I had 72 hours to take in everything Charlottesville had to offer culinarily. I was screwed.
More than 450 restaurants can be found on C-VILLE Weekly’s restaurant listings, and many others are unlisted, which puts this hamlet in the top-15 most eatery-dense in the nation. Even armed with more than five years’ experience as a local food writer (including for C-VILLE Weekly), my task was monumental. I hadn’t eaten a meal here in almost three years since moving out of town; a lot had changed. The strategy for my long weekend back? Old favorites for breakfast and lunch, new spots for dinner, and a mix for snacks, coffee fuel-ups and booze binges.
There’s only one breakfast joint for your first meal in C’ville: Bodo’s. But there are two orders. One: bacon, lettuce, tomato and jalapeño lime cream cheese on everything. The sweet/spicy cheese transforms the traditional BLT, and I’m not the only person who thinks so—it’s a favorite order for a lot of local food folks. Two: olive cream cheese, watercress and sprouts on everything. This used to be my go-to weekday order, with whole wheat everything subbed in to make me feel better. But if you have only two bagels before returning to a Bodo’s-free existence, you go for it.
After a walk across UVA Grounds, the family and I were hungry enough to eat, but not ready for lunch. Maybe a healthy snack to refuel? Nah, White Spot for a grillswith. The kids were happy with donuts caramelized on the flat top, but in my opinion the ice cream actually cuts the sweetness.
There’s no better way to follow a plate of refined sugar and flour than with burgers. We skipped the Gus and wheeled over to Riverside. For me? Double cheeseburger with everything, basket of fries (seasoned salt to taste tableside), nap.
Our first newish spot was Kardinal Hall for dinner. Friends said it was kid-friendly with games and space. They nailed it. The food and beer was solid as well—asparagus salad, kasekrainer and hot Italian sausages, garlic fries and a pretzel, washed down with a Basic City/Beer Run Waxing Parrotic IPA. This would launch a three-day love affair with Waynesboro brewery Basic City.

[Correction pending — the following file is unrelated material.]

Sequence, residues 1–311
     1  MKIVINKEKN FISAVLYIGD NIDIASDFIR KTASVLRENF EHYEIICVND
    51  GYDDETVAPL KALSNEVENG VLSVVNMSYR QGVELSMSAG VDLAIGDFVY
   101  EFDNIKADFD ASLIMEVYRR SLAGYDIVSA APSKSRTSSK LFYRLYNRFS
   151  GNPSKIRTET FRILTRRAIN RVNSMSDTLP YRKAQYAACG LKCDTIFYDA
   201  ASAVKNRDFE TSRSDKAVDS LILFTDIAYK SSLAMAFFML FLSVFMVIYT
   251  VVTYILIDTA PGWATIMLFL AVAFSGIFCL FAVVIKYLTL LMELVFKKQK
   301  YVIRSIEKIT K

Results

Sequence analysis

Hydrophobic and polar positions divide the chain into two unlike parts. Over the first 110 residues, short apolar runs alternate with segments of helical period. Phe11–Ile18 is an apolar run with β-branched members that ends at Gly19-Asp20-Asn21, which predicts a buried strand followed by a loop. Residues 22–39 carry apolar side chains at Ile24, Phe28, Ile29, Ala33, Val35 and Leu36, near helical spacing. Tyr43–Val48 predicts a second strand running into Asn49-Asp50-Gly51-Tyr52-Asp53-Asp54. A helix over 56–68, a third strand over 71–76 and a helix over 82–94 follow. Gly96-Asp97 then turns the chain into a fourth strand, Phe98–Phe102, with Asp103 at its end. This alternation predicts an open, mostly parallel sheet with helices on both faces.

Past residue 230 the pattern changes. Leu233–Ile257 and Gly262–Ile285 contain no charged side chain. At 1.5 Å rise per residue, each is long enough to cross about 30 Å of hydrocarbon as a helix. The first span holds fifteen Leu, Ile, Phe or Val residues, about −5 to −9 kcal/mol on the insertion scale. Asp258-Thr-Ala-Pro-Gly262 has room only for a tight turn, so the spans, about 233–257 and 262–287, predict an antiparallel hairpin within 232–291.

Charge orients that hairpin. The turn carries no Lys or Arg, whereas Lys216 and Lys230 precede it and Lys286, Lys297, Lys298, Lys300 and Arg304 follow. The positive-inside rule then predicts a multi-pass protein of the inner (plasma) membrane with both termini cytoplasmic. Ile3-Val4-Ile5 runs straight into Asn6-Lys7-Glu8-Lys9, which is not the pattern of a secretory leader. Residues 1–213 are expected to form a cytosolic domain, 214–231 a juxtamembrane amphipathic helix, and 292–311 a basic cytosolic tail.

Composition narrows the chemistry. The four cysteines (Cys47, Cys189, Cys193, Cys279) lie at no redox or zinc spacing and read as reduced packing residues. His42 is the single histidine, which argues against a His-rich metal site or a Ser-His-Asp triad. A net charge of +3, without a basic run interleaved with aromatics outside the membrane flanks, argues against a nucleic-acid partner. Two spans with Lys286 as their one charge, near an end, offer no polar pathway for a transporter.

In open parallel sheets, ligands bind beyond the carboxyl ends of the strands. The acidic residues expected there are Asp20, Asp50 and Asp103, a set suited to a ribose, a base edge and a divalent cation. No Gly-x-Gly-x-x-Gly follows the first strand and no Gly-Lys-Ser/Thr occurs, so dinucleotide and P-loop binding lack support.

To avoid weekend crowds, we headed to Bluegrass Grill & Bakery for a Friday breakfast. The Hungry Norman—blackberry jam, goat cheese, sausage links and eggs on English muffin—delivered as always, and we couldn’t skip a side of Bluegrass’ incomparable corned beef hash. We grabbed to-go pimento cheese on the way out in case we got hungry.
Then it was off to Blue Mountain Brewery on a beautiful, if windy, day for lunch. We shared a cheese plate, highlighted by the cranberry goat cheese, and nachos with Nitro Chili, and sipped summery brews (Kölsch 151 and Rockfish Wheat) despite the calendar. Blue Mountain has upped its outdoor game since I’d last been, with new hardscaping and more room to move. The kids ran their sillies out while we capped the meal with a Sour Geist.
Sugar had been established as snack food, and that brought us to Splendora’s Gelato Cafe once back in town. A luxurious, creamy offering with Caromont Farm’s Esmontonian goat cheese and chocolate flakes highlighted the visit.
We needed a no-fuss dinner after a long day, and takeout pizzas from Lampo seemed an ideal fit. But the place was packed and didn’t offer take-away. Up the road, Junction accommodated. While waiting for enchiladas, pork belly, Mexican street corn, chips and guac, hanger steak and quesadillas, I grabbed Three Notch’d Brewery’s blackberry gose from Belmont Market across the way. The salty/sour brew drank like margaritas from a can as we dug into smoked pork with mango-chipotle glaze and a classic pairing of beef and chimichurri.
With a final day to graze, I got in line at MarieBette Café & Bakery. That meant canelés and espresso beverages while waiting for a table, followed by a croque madame and Afternoon Jørgensen, yogurt, granola, eggs and bacon. Euro-style bliss.
We braved the cold for a City Market stroll mid-morning, grabbing a Mountain Culture ginger kombucha and C-ville Candy Company chocolates. While the crew rested, I zipped up 29 for an overstuffed chicken cemita from Al Carbon—less overstuffed than I recalled but still one of the best sandwiches in town.
Our final official stop was Brasserie Saison, which offered the security of a reservation and peace of mind of a high chair. With saisons and milks in hand, we shared mussels, steak frites, a burger and the country pâté.
A gluttonous 72 hours for sure—we also had time for coffee at Mudhouse and Snowing in Space, nights out at Beer Run and Common House, smearing that Bluegrass pimento cheese on a MarieBette baguette and an Ol’ Dirty Biscuit at Ace Biscuit & Barbecue on the way out of town—but it was worth every calorie.